The Mises Institute monthly, free with membership
Volume 14, Number 6
A Hero For All of Us
by Llewellyn H. Rockwell, Jr.
In 1984, at a Mises Institute conference in Houston, some of us met O.P. Alford, III, for the first time. He was a quiet gentleman dressed in unassuming khaki trousers and shirt. His intelligence was evident and his manners were strikingly aristocratic.
Those who visited with him that weekend noticed something very special, even remarkable, about him. It was his old-world sense of honor and principle, and his independence of mind. Mises had those qualities as well. And, as it turned out, Mr. Alford had been reading Mises and liked what he had to say.
Thus began Mr. Alford's long association with the Mises Institute. But we had only just begun to discover the greatness of this man, and the drama of his life. As time went on, he became a central figure in the Mises Institute.
He was a tremendously generous benefactor who also worked full-time with us in his last five years. The week before he died at age 91, he was still reading everything he could get his hands on, contributing at seminars, compiling mailings, and doing whatever other tasks were necessary, even while discussing books and research with our students.
Mr. Alford didn't believe in retirement. He wouldn't let FDR tell him when it was time for him to stop working. "The New Deal was all wrong as far as I was concerned," he told us in an interview. "The AARP is always asking for my money, but I wouldn't give a dime to an organization that blocks all reform of social security. It is patently impossible to get something for nothing, but we keep trying."
Mr. Alford believed in work, and his constant advice to all of us was "work hard." He certainly did. His first job was bailing water from boats at a yacht club to which his father belonged. He eventually became a world-class competitive sailor who taught sailing at Oxford and ran the Flying Dutchman class.
He was a seaman, a mechanic, and a tugboat captain. He was also a pilot who built and flew his own experimental aircraft when he was in his 70s. And he was an airplane restorer for the Confederate Air Force, which he always wished had been around in 1861.
He was a grain and dairy farmer on the Eastern Shore of Maryland, producing a national champion Golden Guernsey. And he was the co-owner of a hotel in Cleveland, the publisher of a sailing magazine, and the producer of yacht racing movies. He was a great conversationalist, a witty dinner companion, and the greatest friend you could ever have.
Mr. Alford was a committed libertarian in the tradition of Mises and Rothbard, and a strong believer in the gold standard, the free market, and the power of ideas in general. He received a Ph.B. in meteorology from the University of Chicago and an M.A. in journalism from Northwestern, where he founded the campus radio station. He also studied flying at the Curtis Wright Aeronautical University.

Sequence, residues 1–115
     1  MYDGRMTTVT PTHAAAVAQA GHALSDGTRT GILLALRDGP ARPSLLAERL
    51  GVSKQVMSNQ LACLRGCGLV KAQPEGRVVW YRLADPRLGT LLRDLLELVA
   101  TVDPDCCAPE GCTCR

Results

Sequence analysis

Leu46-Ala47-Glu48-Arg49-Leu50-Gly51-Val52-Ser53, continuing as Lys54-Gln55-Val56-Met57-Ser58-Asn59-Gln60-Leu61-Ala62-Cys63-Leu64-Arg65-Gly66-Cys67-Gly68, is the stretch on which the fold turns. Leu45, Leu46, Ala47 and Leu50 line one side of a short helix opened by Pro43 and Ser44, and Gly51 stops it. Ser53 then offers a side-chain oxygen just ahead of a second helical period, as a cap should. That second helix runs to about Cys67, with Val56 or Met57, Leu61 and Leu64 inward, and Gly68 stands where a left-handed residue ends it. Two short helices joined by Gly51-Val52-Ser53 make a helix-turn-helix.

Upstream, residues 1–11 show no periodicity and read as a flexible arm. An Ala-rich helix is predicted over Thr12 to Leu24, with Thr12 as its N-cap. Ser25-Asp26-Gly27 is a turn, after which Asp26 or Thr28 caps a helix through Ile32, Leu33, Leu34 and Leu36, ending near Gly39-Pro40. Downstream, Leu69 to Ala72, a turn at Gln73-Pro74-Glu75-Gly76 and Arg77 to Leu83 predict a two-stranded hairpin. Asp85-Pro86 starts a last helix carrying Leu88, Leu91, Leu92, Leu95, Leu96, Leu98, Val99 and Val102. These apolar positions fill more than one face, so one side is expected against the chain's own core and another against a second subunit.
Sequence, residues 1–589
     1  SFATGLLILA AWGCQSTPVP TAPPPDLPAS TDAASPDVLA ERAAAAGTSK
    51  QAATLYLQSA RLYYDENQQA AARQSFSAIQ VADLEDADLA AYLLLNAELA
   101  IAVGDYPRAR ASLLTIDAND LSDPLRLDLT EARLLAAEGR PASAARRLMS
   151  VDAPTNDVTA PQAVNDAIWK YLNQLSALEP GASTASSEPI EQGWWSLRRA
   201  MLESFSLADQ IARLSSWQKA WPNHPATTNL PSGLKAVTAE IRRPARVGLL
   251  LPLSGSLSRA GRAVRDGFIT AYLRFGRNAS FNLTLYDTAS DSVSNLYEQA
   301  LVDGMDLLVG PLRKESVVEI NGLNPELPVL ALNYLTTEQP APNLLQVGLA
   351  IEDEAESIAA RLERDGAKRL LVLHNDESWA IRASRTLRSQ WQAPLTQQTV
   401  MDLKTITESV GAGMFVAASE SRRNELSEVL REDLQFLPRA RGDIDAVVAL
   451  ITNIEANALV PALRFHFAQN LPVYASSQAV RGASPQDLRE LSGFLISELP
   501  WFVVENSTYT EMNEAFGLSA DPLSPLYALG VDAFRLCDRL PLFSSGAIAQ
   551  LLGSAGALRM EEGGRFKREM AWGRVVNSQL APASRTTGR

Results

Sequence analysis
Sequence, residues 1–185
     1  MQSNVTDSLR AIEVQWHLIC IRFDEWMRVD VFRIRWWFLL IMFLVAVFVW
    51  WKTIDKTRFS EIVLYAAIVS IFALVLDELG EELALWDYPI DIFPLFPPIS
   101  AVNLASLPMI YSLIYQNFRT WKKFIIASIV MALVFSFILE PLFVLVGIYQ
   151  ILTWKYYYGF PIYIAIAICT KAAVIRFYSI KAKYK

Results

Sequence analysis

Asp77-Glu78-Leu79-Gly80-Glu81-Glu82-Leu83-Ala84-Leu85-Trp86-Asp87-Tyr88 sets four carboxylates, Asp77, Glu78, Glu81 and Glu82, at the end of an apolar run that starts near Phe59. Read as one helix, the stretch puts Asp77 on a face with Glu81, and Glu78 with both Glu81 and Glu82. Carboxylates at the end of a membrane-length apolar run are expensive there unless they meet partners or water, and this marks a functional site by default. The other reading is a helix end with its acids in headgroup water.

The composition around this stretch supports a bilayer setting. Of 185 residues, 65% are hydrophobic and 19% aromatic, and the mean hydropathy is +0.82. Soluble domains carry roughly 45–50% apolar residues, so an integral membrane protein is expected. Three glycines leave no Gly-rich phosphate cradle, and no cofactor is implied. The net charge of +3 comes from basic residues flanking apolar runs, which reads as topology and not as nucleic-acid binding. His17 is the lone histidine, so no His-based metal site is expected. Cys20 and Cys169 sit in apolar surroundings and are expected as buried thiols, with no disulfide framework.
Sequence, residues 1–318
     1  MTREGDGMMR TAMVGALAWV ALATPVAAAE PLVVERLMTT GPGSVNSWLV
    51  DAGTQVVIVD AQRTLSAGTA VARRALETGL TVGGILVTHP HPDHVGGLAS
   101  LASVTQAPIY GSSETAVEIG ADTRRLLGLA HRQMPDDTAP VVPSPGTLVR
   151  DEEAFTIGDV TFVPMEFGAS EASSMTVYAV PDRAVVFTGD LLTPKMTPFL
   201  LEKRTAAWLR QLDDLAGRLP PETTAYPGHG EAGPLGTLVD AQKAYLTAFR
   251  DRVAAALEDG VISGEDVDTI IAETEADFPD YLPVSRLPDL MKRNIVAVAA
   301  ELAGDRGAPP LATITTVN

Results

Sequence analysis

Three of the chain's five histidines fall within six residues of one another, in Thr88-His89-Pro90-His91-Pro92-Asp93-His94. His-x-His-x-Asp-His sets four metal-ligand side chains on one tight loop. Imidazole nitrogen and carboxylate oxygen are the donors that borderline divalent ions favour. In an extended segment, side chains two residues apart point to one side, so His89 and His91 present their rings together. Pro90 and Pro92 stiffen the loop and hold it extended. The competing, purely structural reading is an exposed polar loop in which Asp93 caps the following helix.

At the end of his life, Mr. Alford was doing research on the real cause of the War Between the States: high taxes. A member of the Sons of Confederate Veterans, he wanted to help undo the old smears of the South. The Confederacy, he said, fought for the right of self government, and so should we.
Mr. Alford was a descendant not only of Confederate officers, but of John Randolph of Roanoke and St. George Tucker, and he had studied their lives and works. But it was his dissatisfaction with the present state of economics that led him to the Mises Institute.
"The one thing Keynes was right about," said Mr. Alford, "is that most politicians are slaves to some defunct economist." These days, he added, it's Keynes himself.
Mr. Alford set out to correct the problem. Through his generosity, students were given access to great books in economics and to our journals, newsletters, and conferences. He also made it possible for students to attend graduate school and supported important research and teaching, all through our Alford Center for Advanced Studies in Austrian Economics. How many lives he changed.
Yet Mr. Alford lived very simply. His trailer had only a tiny living space, but that was just the way he liked it. He believed that the most important things a man can have are his moral principles, his health, and his liberty. With those, he lacked for nothing, and indeed, he did.
He liked to tell the story of Oliver Perry, another ancestor after whom he was named. Commodore Perry was ordered to proceed to Lake Erie during the War of 1812, construct a navy, and beat the British. He was given some axes, saws, rope, and canvas, and with them he built four vessels. On the night before the battle, the Commodore took a needle and thread and made a flag. It said, "Don't Give Up the Ship."
Mr. Alford commented: "Early on I was taught that you have one hand for yourself and one hand for the ship. The theory is that if you neglect the ship and the ship sinks, you go with it. The same reasoning applies to your country."
As a benefactor, scholar, entrepreneur, and member of the natural elite, he was an example to our students, and to all of us. No matter how strong the storms, Mr. Alford never gave up the ship of liberty, and neither should we.
Llewellyn H. Rockwell, Jr., is president of the Mises Institute.